Pharmacological Characterization of 7-(4-(Piperazin-1-yl)) Ciprofloxacin Derivatives: Antibacterial Activity, Cellular Accumulation, Susceptibility to Efflux Transporters, and Intracellular Activity
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To evaluate pharmacological properties (antibacterial activity; accumulation in phagocytic cells; activity against intracellular bacteria; susceptibility to fluoroquinolone efflux transporters) of ciprofloxacin derivatives modified at C-7 of the piperazine ring.
N-acetyl- (1), N-benzoyl- (2), N-ethyl- (3), and N-benzyl- (4) ciprofloxacin were synthesized. MICs against Escherichia coli and Staphylococcus aureus were determined following CLSI guidelines. Cellular accumulation, subcellular distribution, and intracellular activity (towards S. aureus and Listeria monocytogenes) were determined in J774 mouse macrophages. Efflux in bacteria (NorA [S. aureus], Lde [L. monocytogenes]) and in macrophages (Mrp4) was assessed using the corresponding inhibitors reserpine and gemfibrozil, respectively.
All derivatives were active, though less than ciprofloxacin. 2 and 3 accumulated 2–3 fold more than ciprofloxacin in mouse macrophages but remained substrates for efflux by Mrp4. 4 was insensitive to NorA and Lde, accumulated approx 50-fold more than ciprofloxacin in macrophages, was barely affected by Mrp4, localized in the soluble fraction of cells, and was equipotent to ciprofloxacin against intracellular bacteria.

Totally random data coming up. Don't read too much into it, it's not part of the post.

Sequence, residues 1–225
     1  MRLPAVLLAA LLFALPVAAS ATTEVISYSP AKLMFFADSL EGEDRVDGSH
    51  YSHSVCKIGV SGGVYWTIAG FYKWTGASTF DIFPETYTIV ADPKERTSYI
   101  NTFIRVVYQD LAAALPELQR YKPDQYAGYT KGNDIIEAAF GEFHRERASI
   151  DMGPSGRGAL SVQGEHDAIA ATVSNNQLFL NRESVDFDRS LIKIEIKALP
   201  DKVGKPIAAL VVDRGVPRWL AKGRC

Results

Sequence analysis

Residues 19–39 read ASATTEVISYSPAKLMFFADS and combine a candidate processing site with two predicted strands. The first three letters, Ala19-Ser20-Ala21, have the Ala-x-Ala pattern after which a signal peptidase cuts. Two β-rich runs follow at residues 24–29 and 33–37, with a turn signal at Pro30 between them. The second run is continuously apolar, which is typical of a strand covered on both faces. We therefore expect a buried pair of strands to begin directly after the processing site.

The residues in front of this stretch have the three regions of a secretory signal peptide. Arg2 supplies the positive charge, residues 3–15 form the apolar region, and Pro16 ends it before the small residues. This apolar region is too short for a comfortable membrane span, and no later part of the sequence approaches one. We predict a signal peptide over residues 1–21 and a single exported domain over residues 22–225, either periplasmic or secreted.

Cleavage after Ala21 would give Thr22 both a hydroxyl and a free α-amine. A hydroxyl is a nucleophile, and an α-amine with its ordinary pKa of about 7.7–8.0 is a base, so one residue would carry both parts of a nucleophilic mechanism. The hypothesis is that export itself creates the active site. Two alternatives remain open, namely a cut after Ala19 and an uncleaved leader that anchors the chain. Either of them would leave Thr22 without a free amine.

Benzyl substitution at C7 markedly affects the pharmacological profile of ciprofloxacin with respect to recognition by efflux transporters and cellular accumulation. N-benzyl-ciprofloxacin may serve as basis for designing molecules with higher intrinsic activity while remaining poorly susceptible to efflux.
KEY WORDSantibacterial activity drug accumulation fluoroquinolones lipophilicity Mrp4
American Type Culture Collection
Breast Cancer resistance Protein
Clinical and laboratory Standards Institute
Diisopropyl ethyl amine
Minimal Inhibitory Concentration
Multidrug-related Resistance Protein (human)
Multidrug-related resistance protein (murine)
ACKNOWLEDGMENTS AND DISCLOSURES
Béatrice Marquez and Vincent Pourcelle contributed equally to this study. We thank S. Devouge, D. Timmerman, M. C. Cambier, C. Misson, N. Couwenbergh and M. Vergauwen for skilful technical assistance. We are grateful to P.C. Appelbaum (Hershey Medical Center, Hershey, PA), B. Ba (Université Victor Segalen Bordeaux 2, Bordeaux, France), P. Courvalin (Institut Pasteur, Paris, France), Y. Glupczynski (cliniques universitaires de l’UCL à Mont-Godinne, Yvoir, Belgium), and J.M. Pagès (Université de la Méditerranée, Marseille, France) for the kind gift of bacterial strains. B.M. was postdoctoral fellow of a FIRST-post doc programme of the Region Wallonne, C.M.V. was recipient of a doctoral grant from the Fonds pour la Recherche dans l’Industrie et l’Agriculture (FRIA) and F.V.B. is Maître de recherches of the Belgian Fonds pour la Recherche Scientifique (FRS-FNRS). This work was supported by the Région Wallonne, the Belgian Fonds pour la Recherche Scientifique Médicale (FRSM; grants 3.4.597.06 and 3.4.583.08) and the Belgian Federal Science Policy Office (Research project P6/19 [research action P6]).
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